Starring: Gael García Bernal
Directed by: Alonso Ruizpalacios
Running Time: 2 hrs 8 mins
Every so often a work of cinema is created that is so fantastic and brilliant that it belongs in a museum where it can be forever enshrined. The new Mexican drama “Museo” is not one of those films. “Museo” is the tale of the 1985 robbery of Mexico’s Museum of Anthropology during which over 100 pre-Columbian artifacts were stolen. Never mind the recognition it received at the 2018 Berlin International Film Festival, “Museo,” misfiring on nearly every cylinder, is two hours-worth of distorted history, obnoxious musicality, bad writing and directing.
The son of a successful doctor, Juan Nuñez (Gael García Bernal, “Y Tu Mamá Tambien,” “Mozart in the Jungle”) is dissatisfied with his upper middle-class lifestyle and family. He claims to be studying for a degree veterinary medicine, but it appears to be a lifelong pursuit because he lacks all motivation to finish. The same is true for his best friend, Benjamin Wilson (Leonardo Ortizgris). While Benjamin may not have quite as comfortable of an existence, he lacks any friends and has little in the way of desire.
To alleviate their boredom, Juan hatches a scheme to pull off the greatest heist in Mexico’s history. It seems impossible that could ever work, yet miracle of miracles the two half-wits succeed easily during the pre-dawn hours of Christmas Day. They are amazed by the subsequent coverage and how the news media portrays the thieves as part of an international conspiracy. However, their victory is a hollow one.
Benjamin proves to be more worried about his ailing father than Juan cares for while Juan himself begins having visions of a Mayan king that lead to having feelings of guilt. It all puts a great stress on their longtime friendship, especially after they meet an unscrupulous artifact dealer who points out to them that their stolen goods are both priceless and worthless at the same time. Despair falls upon them as the manhunt by Mexican authorities begins to breathe down their necks.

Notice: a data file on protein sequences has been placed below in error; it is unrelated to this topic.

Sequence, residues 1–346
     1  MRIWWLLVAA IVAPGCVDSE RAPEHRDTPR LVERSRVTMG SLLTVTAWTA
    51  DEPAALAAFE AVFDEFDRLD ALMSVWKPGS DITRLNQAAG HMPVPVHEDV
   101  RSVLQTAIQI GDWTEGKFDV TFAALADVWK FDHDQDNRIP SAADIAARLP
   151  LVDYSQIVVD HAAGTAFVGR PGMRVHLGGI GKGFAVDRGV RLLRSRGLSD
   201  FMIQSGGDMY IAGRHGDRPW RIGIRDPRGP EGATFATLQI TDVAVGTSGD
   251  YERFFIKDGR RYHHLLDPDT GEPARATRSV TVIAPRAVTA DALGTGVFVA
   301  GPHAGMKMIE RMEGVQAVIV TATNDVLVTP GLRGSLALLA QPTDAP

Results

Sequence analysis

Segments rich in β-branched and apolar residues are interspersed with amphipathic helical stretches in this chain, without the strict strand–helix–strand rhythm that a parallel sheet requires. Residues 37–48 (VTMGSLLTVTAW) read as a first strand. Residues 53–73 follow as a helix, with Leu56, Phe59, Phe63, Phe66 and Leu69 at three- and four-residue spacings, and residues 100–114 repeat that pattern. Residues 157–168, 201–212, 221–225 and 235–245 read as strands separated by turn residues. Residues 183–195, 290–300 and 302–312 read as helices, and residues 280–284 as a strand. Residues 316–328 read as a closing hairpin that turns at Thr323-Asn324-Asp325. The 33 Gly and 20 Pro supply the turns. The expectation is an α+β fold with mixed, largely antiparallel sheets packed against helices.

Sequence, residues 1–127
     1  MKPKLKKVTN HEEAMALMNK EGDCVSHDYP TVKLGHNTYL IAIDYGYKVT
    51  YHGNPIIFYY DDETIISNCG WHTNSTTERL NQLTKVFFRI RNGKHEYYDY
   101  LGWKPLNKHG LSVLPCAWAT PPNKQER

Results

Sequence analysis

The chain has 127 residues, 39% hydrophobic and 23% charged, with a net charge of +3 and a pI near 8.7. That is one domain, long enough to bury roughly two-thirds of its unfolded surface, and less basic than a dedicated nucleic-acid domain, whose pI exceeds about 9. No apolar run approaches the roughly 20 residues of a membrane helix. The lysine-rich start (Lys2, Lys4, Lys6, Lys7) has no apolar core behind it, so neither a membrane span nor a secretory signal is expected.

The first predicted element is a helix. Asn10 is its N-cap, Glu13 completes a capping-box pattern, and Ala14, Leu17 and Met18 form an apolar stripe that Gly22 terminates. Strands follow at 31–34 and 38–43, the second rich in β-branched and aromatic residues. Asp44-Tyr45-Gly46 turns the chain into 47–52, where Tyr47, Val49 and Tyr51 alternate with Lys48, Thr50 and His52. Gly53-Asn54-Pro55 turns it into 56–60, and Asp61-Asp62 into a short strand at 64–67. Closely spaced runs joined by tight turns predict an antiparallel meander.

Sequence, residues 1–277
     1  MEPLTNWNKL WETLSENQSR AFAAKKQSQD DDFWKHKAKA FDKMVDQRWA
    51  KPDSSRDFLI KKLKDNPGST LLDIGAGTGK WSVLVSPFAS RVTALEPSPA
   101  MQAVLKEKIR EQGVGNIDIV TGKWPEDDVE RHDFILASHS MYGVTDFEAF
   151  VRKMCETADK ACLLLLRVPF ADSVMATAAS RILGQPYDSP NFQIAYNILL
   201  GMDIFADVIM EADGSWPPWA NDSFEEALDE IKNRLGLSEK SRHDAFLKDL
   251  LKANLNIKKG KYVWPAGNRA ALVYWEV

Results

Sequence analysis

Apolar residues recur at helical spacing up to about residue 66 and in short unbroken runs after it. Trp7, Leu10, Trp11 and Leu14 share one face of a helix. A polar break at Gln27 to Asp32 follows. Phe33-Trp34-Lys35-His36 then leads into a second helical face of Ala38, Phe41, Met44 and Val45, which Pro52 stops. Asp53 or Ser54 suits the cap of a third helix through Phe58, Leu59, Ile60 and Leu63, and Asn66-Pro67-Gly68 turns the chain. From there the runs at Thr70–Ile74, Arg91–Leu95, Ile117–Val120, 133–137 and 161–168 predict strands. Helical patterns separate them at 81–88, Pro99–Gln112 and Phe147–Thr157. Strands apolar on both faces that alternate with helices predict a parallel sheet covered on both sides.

Extremely little accuracy is paid to the actual events besides that the Museum of Anthropology in Mexico City was indeed robbed by two men. Director Ruizpalacios tries to create suspense by having the two imbecilic friends almost get caught by museum security. Never happened. Nor did they try to sell their artifacts right away or develop a guilty conscience as one of the two main culprits in real life was arrested in 1989 while participating in a drug trafficking ring. The dramatic license taken goes beyond absurdity.
The choice of musical score is a complete disaster as it is loud, brash, and fails to heighten the nonexistent suspense. It plays like a bad, offensive sample of a Hitchcock film. Making matters worse are a series of ill-suited, quasi still shots of the dynamic duo as they rob the museum. Combine that with some random shaky camera footage, add a rambling sense of storytelling without any tightness and you get a cinematic mess. Bernal is adequate for his role, but his acting is only pushed in one lone, actual memorable scene involving Juan and his stoic father. The only drama you will find in “Museo” is if you can sit through its entirety.